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Is it memory loss? Dementia? Alzheimer's disease?

Created date

October 23rd, 2015

One area in health that is both anxiety-provoking and confusing is the topic of memory loss, including dementia and Alzheimer’s disease. Being diagnosed with Alzheimer’s disease or dementia often evokes more fear among seniors than heart disease and cancer. 

Dementia is really just a descriptive term for a group of symptoms that can include difficulty with learning and retaining new information, finding words, handling cognitive tasks that used to be easy, finding your way in familiar places, and also managing social settings. Using the term dementia means that the cognitive loss represents a change, which often affects everyday living. 

Common forgetfulness such as not being able to find your car keys, not remembering an acquaintance’s name, or difficulty finding a word does not in and of itself represent dementia. Generally, it is the spouse, family, or close friends who first notice changes. But before rushing to diagnose yourself or someone you know, please remember memory changes with some impairment are very common, with 35%–50% of individuals over age 85 affected.

Many causes

Having dementia symptoms does not mean someone has a progressive disease of the brain like Alzheimer’s disease. Dementia can be caused by medication side effects, alcohol, metabolic problems, thyroid or other hormone abnormalities, mood disorders such as depression, nutritional deficiencies (such as a lack of vitamin B12), infections, and reversible changes in the brain. Interestingly, patients with depression are more likely to complain of memory loss than those with dementia. Many of these causes can be effectively treated, so please seek medical attention if you notice changes in memory. I can describe countless examples in practice through the years where simply stopping a medication or treating low thyroid function or depression resulted in improved memory.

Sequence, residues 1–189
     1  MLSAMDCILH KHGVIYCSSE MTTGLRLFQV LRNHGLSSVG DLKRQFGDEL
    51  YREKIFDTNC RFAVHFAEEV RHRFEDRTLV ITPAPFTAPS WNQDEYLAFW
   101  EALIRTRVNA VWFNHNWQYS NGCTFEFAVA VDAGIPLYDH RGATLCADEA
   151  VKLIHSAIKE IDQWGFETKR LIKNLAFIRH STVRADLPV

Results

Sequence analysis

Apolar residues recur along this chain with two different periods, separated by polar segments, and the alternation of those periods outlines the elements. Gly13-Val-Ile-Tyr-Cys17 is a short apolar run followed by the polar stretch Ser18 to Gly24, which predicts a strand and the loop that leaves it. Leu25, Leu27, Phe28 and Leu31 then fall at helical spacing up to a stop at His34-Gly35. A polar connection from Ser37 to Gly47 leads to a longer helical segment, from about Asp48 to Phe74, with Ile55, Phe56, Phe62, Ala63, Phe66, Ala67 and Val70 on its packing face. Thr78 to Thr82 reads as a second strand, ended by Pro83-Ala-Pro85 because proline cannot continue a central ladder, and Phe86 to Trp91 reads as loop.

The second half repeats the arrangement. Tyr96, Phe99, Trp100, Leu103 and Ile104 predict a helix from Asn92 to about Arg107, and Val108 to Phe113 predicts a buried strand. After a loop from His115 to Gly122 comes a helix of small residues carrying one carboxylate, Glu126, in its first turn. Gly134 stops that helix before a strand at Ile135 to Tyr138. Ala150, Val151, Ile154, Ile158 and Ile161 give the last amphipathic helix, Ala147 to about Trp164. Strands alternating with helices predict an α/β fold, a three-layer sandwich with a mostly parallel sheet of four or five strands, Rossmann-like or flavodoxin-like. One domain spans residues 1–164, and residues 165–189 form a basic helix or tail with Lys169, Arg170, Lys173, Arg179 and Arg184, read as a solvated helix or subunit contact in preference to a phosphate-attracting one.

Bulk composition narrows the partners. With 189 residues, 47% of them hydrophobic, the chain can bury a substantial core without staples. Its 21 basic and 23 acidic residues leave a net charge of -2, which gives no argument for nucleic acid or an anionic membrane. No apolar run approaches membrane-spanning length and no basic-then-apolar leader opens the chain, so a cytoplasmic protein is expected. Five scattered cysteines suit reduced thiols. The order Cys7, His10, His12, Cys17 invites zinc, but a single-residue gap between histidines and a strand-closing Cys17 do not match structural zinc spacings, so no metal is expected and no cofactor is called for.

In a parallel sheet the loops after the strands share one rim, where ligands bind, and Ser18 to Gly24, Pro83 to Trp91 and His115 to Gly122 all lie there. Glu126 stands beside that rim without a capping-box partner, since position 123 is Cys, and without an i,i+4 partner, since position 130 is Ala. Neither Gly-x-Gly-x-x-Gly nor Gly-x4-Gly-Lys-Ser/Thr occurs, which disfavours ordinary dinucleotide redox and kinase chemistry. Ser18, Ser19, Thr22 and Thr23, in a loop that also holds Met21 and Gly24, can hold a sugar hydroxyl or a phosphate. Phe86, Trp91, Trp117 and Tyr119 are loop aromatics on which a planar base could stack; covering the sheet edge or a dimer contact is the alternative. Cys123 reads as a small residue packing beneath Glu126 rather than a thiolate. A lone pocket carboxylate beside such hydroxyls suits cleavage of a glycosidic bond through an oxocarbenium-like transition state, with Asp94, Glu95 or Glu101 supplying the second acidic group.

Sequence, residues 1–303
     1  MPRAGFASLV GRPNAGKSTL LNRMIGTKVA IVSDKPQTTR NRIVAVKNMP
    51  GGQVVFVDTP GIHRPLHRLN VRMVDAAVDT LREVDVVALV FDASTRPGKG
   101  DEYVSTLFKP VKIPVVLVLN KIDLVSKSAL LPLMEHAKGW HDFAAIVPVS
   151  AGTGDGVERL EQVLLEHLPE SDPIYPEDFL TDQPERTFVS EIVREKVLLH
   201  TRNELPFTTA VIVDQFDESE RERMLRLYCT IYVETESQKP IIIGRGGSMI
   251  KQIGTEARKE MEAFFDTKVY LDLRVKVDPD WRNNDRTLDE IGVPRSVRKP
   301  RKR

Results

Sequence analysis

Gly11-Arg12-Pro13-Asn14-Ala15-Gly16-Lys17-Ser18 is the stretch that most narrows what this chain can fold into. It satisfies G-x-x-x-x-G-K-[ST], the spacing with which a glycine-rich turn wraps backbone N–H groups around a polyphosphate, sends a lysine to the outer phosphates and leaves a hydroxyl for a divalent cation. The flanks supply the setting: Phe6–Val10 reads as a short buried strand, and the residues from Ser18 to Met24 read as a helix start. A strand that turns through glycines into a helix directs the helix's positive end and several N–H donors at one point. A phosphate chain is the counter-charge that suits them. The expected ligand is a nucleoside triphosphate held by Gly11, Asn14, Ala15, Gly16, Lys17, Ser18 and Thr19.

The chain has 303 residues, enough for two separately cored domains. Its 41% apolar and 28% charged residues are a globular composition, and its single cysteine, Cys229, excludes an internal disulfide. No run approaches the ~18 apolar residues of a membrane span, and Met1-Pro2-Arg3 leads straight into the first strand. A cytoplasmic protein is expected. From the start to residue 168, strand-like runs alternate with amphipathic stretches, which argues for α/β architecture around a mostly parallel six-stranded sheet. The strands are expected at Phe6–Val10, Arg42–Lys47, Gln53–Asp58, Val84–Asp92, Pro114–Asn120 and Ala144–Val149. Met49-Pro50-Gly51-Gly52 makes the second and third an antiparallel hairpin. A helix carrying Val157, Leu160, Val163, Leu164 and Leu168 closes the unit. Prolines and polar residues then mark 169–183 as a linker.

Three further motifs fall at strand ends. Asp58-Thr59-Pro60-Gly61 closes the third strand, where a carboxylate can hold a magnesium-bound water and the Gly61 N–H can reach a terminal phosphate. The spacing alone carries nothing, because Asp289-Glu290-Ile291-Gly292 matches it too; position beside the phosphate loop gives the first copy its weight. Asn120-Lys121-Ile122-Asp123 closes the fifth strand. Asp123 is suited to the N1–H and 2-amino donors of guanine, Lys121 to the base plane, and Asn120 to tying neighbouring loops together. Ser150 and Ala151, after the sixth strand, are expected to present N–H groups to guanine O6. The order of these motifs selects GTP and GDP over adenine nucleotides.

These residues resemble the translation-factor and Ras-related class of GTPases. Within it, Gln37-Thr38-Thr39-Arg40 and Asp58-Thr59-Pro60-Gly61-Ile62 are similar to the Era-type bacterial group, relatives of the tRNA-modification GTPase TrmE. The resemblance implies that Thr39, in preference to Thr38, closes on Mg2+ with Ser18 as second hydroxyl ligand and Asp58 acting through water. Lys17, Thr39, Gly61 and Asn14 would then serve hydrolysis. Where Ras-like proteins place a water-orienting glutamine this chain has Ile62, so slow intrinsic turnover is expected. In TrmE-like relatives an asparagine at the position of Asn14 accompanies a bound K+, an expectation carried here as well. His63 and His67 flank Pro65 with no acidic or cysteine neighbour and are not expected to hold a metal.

If you are diagnosed with a nonreversible disease process such as Alzheimer’s, there are still things you can do to maintain and even improve your quality of life and reduce the burden on your loved ones. Next month, I will describe the steps you can take to address and manage dementia. In terms of prevention, the very best way to maintain cognitive function is to stay physically active and reduce risk of stroke by addressing cardiovascular risk factors such as smoking and high blood pressure. Regular physical activity has a multitude of benefits and can lift your mood, improve your strength, and provide opportunities for social interaction. 

Please remember that not all memory loss is dementia and not all dementia is Alzheimer’s. See your physician or medical provider to ease concerns and address issues.

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